‘Wellsongs’ project featuring children with special needs aims for Broadway

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NEW YORK – For families with special needs children, their time together is too often punctuated by challenges.  But now one project aims to celebrate all that is wonderful about their family and bring that joy to others.

Eight-year-old Greta Baier is at the keyboard, practicing piano as she does every day.  She’s intensely focused on getting the notes to “Somewhere Over the Rainbow” just right.  A tough task for any aspiring player, made more difficult by Greta’s rare neuromuscular disorder.

Across town, Juan Fernandez plays his own keyboard, singing the lyrics to Bon Jovi’s hit, “It’s My Life.”  And Juan also faces his own battles, as he is blind and has autism.  Both families share a bond.  Each of their children has been captured, precisely and uniquely, in song.

“Millions and millions of Americans have of disabilities.  We pity them.  But their lives are actually filled with joy and  love and interests like anyone else,” explains Dr. Michael Pizzi, an associate professor of occupational therapy at Dominican College and founder of www.touchinghumanityinc.org    Also an actor, he conceived of the “Wellsongs Project” to share what’s unique and amazing about each of these children with a far wider audience.

Volunteer composers interview families, then weave together everything that makes kids like Greta, great.

In her case, a love of movie villains, like Maleficent, dance, and music.  How does her song make her feel?

In between pumps of her ventilator, she smiles.  “It feels like I’m popular,” she says sweetly, and somewhat shyly.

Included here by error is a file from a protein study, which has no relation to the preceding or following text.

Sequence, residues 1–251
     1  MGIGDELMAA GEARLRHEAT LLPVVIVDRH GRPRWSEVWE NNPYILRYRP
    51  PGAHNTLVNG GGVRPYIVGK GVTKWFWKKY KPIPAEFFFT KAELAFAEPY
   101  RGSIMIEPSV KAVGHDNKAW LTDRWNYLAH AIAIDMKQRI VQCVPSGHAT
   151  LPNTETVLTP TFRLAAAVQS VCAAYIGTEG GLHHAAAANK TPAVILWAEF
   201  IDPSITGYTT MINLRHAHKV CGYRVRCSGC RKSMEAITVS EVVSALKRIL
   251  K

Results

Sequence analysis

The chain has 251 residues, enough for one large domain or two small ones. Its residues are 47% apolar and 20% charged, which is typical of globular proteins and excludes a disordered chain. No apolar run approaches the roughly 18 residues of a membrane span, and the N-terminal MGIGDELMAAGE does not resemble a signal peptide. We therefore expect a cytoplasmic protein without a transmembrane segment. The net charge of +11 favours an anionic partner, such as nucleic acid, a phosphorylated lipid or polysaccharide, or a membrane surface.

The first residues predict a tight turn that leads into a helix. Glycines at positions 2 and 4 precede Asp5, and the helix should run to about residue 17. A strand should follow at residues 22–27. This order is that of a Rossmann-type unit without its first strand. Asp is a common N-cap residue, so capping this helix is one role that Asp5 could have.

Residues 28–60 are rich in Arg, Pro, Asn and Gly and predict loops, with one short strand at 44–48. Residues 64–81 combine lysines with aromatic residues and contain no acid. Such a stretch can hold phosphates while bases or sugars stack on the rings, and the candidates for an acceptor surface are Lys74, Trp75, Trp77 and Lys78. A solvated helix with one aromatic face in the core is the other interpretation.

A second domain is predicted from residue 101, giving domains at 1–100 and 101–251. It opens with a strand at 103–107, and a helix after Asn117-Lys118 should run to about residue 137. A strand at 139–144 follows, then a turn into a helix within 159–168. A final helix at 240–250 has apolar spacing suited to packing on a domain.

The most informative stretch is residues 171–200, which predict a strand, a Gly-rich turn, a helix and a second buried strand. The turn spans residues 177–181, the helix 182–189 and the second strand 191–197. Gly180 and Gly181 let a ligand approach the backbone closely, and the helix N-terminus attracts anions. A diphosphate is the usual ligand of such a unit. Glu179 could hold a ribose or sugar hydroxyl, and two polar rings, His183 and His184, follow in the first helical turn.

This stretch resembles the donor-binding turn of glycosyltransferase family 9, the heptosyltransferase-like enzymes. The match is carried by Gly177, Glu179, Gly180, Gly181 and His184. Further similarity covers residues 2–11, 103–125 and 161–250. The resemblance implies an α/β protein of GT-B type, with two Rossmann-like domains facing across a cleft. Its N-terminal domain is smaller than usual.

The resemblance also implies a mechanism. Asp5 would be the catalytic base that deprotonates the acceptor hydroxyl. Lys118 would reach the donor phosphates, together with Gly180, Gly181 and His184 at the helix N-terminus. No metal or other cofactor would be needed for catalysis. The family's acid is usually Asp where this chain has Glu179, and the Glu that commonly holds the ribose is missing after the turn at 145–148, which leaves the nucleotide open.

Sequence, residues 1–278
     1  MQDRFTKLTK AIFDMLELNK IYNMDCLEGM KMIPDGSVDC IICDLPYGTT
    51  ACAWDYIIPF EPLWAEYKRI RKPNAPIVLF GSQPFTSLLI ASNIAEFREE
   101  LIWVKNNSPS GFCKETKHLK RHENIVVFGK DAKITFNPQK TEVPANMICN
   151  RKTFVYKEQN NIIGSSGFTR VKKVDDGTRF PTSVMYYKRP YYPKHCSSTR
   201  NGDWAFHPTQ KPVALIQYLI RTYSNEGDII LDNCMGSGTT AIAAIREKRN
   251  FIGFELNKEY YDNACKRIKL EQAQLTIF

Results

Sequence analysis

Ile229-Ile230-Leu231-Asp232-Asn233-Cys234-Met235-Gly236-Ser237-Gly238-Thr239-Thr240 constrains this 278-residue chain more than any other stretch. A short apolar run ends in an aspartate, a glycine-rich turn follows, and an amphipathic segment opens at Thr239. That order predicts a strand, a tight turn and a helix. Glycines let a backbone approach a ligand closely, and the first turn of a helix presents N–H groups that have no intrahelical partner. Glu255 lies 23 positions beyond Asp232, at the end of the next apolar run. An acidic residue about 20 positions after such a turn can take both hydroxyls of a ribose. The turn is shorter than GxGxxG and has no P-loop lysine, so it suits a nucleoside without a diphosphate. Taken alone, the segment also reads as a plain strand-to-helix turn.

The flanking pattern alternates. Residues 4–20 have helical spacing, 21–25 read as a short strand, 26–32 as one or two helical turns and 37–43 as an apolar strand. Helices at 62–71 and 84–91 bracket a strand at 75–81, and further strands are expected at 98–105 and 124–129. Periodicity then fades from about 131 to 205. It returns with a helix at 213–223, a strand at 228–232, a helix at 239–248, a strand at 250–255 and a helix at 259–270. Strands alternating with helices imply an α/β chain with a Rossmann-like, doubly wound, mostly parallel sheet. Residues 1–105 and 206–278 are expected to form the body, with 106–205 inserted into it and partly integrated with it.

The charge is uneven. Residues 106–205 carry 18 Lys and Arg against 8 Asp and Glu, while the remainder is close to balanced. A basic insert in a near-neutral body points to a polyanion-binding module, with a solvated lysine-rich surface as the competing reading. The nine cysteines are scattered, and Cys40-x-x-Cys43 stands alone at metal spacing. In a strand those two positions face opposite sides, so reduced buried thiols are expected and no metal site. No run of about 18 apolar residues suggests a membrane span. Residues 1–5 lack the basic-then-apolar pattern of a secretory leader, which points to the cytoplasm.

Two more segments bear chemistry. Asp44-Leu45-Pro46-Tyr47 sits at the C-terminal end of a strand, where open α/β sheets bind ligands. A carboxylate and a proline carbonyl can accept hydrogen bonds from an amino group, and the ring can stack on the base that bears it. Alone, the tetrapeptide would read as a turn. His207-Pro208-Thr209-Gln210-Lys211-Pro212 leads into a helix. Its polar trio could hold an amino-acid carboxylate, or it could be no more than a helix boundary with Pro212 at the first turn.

A CD of all the songs created is in the works.  The families all recently met and celebrated at a concert debut of the creations, where every song got the Broadway star treatment.  Each was sung by a Broadway performer.

“They speak about the lives of these children not their disabilities,” explained Pizzi.  And Greta’s mothers beamed as they talked about her song, with lyrics like “Greta race the wind,” because of her love for speed in her wheelchair.  “You could get to know the kid beyond what their disability or condition was,” explained Kate Baier.

Her wife Lyn added, “There are so many things she can do.  She works her magic in so many ways!”

Next, Pizzi hopes for a Broadway production.  And he’s got a few collaborators he’d like to work with:  names like Lin-Manuel Miranda and Stephen Sondheim.

Families in New York, Westchester and Rockland Counties are eligible to be a part of the project.  And Pizzi is hoping people with hearts as full as his will help his project continue by giving to the funding campaign here.